Novel ‘Stack Die’ Debuts at NPE2018
Germany’s Kuhne Anlagenbau GmbH will be showing at NPE2018 the Mo-Con, a new type of modular, expandable blown-film die.
So-called stackable “pancake” dies have become common since Brampton Engineering introduced the Streamlined Coextrusion Die in the early 1990s. Numerous other die makers soon followed suit with variations of that design. Kuhne says the Mo-Con die is similar to other types of stack dies because its modular design allows processors to add layers as the need arises. In the case of Mo-Con, the die can be designed from five layers on up. The highest number of layer produced so far is 13 layers for a Kuhne’s Triple Bubble line, says Adolfo Edgar, the company’s v.p. blown film sales, U.S. and Canada. An undisclosed U.S. processor recently installed a nine-layer Cool Bubble water-quenched line with the plan of expanding it to 11 layers in the future, Edgar adds.
But what’s different about the Mo-Con die is that while the binary splitting and distribution is flat, the spirals towards the center of the modules are on a cone. This makes the die body more compact and directs the melt flow in a shallower angle to merge with the other layers. The binary distribution is done on the flat portion of the modules as with the pancake dies. Both sides of the modules are machined for this purpose. Also, whereas in pancake dies the melt is fed between the modules or plates, with the Mo-Con it is fed into the center of each module.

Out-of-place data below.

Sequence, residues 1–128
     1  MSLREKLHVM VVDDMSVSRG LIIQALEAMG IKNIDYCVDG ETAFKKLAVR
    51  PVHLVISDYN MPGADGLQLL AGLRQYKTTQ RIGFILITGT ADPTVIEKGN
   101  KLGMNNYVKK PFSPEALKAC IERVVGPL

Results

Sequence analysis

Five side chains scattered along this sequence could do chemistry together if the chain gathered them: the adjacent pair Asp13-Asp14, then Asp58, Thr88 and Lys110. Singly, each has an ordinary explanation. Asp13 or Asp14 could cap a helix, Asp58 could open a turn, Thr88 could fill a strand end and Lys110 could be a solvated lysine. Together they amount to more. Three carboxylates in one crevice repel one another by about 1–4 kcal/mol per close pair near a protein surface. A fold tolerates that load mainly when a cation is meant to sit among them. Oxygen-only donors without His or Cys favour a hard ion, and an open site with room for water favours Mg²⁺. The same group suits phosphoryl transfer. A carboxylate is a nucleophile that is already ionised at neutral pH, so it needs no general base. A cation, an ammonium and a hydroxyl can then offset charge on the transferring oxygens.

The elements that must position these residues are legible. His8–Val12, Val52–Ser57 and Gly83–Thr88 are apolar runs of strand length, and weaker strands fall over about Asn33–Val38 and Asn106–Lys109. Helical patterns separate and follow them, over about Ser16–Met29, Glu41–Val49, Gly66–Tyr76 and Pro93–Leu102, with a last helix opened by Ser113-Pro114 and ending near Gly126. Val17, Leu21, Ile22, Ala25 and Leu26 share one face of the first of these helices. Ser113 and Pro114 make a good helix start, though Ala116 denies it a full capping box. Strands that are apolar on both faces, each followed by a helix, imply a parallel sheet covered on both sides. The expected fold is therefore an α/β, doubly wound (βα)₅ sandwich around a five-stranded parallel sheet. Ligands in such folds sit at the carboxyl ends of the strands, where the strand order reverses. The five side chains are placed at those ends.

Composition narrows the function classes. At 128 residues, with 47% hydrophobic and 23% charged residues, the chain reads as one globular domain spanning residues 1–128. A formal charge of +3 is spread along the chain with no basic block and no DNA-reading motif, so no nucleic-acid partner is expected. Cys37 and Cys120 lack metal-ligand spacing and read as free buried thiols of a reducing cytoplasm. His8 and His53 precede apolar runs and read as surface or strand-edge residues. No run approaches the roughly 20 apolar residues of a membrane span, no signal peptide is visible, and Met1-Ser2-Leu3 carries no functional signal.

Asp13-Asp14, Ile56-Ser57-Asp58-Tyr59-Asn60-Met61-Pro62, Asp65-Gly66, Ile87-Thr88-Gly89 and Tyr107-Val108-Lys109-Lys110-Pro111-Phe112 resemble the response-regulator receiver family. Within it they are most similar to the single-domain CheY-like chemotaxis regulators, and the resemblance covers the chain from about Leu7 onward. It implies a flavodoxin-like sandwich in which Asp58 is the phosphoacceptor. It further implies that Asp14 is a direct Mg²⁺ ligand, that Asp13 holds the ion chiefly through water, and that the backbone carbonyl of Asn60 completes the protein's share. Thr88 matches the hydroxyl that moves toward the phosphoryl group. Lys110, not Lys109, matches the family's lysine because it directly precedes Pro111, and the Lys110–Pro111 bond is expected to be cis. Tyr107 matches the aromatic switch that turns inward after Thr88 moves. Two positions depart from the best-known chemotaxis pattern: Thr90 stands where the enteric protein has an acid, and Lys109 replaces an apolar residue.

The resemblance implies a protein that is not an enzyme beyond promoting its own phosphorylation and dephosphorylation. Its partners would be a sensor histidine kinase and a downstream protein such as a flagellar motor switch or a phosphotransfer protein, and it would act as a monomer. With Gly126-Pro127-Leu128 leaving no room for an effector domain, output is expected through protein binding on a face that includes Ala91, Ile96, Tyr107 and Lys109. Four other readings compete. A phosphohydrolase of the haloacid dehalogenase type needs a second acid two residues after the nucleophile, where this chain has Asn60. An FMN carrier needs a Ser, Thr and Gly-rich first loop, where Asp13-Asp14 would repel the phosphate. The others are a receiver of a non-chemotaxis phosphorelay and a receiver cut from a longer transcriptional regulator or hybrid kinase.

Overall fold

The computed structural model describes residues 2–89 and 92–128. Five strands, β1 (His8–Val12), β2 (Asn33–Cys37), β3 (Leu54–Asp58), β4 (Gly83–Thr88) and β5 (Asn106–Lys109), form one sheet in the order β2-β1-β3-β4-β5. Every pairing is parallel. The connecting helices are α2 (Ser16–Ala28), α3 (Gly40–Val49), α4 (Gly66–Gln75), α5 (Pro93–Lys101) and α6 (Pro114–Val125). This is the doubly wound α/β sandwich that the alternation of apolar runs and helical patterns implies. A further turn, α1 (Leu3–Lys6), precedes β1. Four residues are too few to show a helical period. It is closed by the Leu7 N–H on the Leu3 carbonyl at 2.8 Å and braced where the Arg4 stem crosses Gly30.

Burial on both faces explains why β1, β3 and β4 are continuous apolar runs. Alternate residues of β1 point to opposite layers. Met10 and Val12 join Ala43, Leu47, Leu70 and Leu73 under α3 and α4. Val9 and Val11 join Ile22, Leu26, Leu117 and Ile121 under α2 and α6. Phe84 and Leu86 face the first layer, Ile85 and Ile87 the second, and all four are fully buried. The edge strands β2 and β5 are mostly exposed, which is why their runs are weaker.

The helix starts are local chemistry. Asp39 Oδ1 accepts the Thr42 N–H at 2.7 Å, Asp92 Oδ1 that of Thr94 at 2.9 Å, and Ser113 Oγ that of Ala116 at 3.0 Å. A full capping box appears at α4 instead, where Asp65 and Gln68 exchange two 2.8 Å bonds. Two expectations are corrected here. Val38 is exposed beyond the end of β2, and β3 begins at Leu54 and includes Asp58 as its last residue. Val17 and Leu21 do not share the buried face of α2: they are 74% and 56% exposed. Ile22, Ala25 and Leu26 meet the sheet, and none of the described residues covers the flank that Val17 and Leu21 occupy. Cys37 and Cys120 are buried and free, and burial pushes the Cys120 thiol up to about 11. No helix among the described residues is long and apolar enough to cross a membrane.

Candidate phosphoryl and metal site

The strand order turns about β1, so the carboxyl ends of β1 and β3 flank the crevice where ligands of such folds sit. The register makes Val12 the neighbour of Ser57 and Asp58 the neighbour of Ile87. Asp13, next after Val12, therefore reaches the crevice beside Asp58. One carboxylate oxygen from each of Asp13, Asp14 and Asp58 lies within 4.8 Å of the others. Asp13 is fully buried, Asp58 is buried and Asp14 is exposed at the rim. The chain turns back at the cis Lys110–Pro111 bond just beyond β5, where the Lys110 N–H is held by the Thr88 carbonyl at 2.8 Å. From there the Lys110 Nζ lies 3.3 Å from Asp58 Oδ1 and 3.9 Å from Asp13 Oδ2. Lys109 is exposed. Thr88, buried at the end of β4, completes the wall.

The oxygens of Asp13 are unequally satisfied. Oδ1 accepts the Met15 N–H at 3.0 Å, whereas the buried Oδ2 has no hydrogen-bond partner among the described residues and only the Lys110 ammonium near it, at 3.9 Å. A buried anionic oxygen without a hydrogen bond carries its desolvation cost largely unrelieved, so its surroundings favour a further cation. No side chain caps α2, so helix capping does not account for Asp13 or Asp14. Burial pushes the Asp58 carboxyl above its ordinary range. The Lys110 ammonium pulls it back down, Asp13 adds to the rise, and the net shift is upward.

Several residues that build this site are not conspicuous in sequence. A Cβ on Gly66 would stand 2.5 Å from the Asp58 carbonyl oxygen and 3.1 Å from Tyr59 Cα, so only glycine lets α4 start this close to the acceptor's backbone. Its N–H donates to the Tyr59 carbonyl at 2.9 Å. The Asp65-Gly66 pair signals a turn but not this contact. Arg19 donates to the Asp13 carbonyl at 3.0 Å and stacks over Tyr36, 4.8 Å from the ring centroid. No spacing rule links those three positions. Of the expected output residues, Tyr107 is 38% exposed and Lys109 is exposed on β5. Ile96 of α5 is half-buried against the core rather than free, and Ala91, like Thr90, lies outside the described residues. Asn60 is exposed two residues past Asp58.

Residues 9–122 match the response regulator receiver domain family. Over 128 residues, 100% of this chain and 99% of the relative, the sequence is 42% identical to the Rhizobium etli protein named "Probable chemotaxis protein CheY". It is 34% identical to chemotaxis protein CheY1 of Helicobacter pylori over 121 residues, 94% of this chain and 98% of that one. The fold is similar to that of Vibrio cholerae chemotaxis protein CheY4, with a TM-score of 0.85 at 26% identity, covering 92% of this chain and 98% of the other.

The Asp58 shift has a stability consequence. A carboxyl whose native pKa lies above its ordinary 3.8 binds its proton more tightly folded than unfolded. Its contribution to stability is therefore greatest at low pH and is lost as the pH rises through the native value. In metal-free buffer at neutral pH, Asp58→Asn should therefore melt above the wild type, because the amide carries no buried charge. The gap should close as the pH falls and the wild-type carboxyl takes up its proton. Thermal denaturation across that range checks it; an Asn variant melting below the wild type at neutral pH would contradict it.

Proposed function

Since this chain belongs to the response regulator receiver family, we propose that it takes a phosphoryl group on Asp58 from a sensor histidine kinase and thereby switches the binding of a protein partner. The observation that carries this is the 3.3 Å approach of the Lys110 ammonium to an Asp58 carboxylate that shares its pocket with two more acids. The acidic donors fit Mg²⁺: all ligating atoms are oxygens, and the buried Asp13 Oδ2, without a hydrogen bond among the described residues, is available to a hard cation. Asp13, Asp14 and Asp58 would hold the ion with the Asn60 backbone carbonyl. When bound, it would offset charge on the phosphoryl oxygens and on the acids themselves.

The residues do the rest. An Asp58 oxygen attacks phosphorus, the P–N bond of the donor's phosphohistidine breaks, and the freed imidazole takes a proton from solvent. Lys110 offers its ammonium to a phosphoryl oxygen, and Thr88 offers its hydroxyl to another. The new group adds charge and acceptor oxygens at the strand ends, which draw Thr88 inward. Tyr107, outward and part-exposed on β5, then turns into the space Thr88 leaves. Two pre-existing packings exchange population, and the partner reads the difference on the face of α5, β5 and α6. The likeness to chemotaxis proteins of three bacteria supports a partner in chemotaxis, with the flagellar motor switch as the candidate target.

As a result, the assembly of the melt adaptor to the die is straightforward and achieves a leakproof metal-to-metal seal, says Edgar. “There is less risk of having a leak at the interface where the melt adaptor meets the module since only two surfaces contact each other instead of three,” he adds.
After years of closely monitoring an increasingly worrisome labor shortage, the Plastics Industry Association’s warnings about the widening gap between the sector’s need for skilled workers and the supply of such employees have shifted to full alarm. The association calls for “collaborative response across all levels of government and all manufacturing sectors” to tackle this critical issue.
Despite what many people think, a ban on plastic bags would do more harm than good. A new initiative from the Plastics Industry Association highlights these and other economic impacts—aiming to change the conversation around plastics.
Scheduled for the evening of May 6, 2018 in Orlando, Fla. at the Linda W. Chapin Theatre at the Orange County Convention Center. Meet the class of 2018!